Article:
Monday, June 2, 2014

Eyeing Outer Space

‘Shall we, when the grim shape
Roars upward, dance and sing?
Yes: if we honor rape,
If we take pride to fling
So bountifully on space
The sperm of our long woes, our large disgrace.’

--C. S. Lewis, ‘Prelude to Space: An Epithalamium’, Poems, Walter Hooper, ed., San Diego, Ca.: Harcourt, 1992 [1964], p.57

In the background of a world gripped by wars, economic and political turmoil, family breakdown, etc., what do we find?  A rising interest in space.  The American Empire, Japan, Russia, India, and China are all clamoring to implement some plan or project or another.  Here is one ensample - Japan’s desire to install solar panels on the Moon to supply her with energy:

As C. S. Lewis tried to get us to see, we should all be saddened by this enthusiasm for space exploration and colonization.  For the impulse behind it is the same one that has been corrosively at work since the Fall, and especially since the Great Schism of 1054 A. D.: the lust for power that is unleashed in man when he separates himself from God and seeks to accomplish perfection, godlikeness, on his own terms. 

Cruel conquest and exploitation, of man and the creation, are always its manifestations (e.g., the Norman Conquest, the Crusades, the Inquisition, mass slaughter of natives by European explorers and settlers, the Enclosures, the Highland Clearances, and more recently, abusive treatment of animals on factory farms, strip mining for natural resources, and genetic engineering of plants and animals).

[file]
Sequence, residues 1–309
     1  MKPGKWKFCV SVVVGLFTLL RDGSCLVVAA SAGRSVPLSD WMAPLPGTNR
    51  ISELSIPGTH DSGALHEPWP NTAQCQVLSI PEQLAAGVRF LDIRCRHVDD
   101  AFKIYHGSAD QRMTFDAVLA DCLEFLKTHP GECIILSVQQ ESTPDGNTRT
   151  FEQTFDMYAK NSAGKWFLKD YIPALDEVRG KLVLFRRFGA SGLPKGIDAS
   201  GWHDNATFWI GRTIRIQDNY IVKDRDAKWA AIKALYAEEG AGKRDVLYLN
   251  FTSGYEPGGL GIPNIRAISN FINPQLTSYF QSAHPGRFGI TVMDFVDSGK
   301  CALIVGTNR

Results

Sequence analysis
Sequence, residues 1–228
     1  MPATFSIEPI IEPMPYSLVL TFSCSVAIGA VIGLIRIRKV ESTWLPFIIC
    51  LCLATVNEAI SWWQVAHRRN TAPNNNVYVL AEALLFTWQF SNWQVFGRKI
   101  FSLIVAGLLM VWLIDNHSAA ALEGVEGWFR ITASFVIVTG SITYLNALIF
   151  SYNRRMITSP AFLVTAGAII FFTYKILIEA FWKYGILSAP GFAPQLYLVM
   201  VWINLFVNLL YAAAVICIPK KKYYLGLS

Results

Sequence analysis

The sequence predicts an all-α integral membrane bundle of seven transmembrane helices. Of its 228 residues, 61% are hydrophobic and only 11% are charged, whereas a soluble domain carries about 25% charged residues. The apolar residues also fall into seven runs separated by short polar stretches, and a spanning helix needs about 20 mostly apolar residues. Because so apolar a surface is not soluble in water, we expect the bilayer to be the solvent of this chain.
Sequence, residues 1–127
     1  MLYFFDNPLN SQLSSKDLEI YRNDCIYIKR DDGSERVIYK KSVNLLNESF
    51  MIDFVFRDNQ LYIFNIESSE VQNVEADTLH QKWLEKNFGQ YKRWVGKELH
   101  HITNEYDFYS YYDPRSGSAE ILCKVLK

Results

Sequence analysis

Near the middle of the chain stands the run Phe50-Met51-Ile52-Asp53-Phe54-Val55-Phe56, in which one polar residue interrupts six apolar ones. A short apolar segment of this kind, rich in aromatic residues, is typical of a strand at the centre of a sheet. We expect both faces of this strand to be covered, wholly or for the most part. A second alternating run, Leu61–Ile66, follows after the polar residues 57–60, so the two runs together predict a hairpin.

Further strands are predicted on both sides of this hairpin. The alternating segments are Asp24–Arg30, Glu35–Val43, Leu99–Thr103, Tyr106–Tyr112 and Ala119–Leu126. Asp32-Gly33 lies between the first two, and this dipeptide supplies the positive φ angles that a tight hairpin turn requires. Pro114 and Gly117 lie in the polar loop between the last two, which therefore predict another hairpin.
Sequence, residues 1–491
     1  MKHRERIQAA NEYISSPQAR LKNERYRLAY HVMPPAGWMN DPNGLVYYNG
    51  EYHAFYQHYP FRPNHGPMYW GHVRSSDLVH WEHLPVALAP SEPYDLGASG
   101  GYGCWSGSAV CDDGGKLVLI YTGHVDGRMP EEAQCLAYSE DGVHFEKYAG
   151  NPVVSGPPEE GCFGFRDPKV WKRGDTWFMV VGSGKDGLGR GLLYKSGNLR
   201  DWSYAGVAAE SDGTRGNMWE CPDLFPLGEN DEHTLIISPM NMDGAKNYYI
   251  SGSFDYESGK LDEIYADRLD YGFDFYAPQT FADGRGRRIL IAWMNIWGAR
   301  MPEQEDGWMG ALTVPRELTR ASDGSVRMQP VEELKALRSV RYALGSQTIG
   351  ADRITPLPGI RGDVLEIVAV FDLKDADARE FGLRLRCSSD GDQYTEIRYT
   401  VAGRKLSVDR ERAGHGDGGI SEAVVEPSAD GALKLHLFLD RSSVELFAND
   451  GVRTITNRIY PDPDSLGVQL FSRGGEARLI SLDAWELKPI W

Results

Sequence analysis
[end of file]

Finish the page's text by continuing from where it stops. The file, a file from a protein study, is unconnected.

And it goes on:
This is not the Southern way.  ‘The pioneering life is not the normal life . . .’ John Crowe Ransom wrote in ‘Reconstructed but Unregenerate’ (I’ll Take My Stand, Baton Rouge, La.: LSU Press, 2006 [1930], p. 4).  Sane human life, of which Southern life partook, is rather about ‘[coming] to terms with nature’, should be ‘successfully adapted to its natural environment, and that as a consequence it is stable, or hereditable.  But it is the character of our urbanized, anti-provincial, progressive, and mobile American life that it is in a condition of eternal flux’ (p. 5).

The same themes resound throughout Southern lore:  John Taylor of Caroline (Arator), Andrew Lytle (‘The Backwoods Progression’ in From Eden to Babylon), Wendell Berry (‘The Unsettling of America’ in The Art of the Commonplace and elsewhere), and so on.

Until we begin again to take seriously the wisdom of our Southern forefathers, which is the wisdom of our ascetic, God-bearing Orthodox Christian forefathers covered over with the ashes of the Schism and the Reformation, life will be continual warfare between one faction and another, each vying for the domination.  Should we be successful at mining asteroids or the Moon, or obtaining endless, cheap energy from the Sun, this strife will not end.  Only by renouncing every need and want and by trusting in God’s provision does contentment come to man, as St Justin Popovich reminded us in his teachings.  And only by humility does man overcome his bent toward pride and greed and other sins, and thus begin to approach God, as Father Andrew Phillips said in his ‘Sermon on Ascension Day’:

Our monastic mothers and fathers of Ireland, England, Africa, France, etc. have much to teach us, but we must ready ourselves to learn from their words and lives.  Elsewise, they will be of no use to us.

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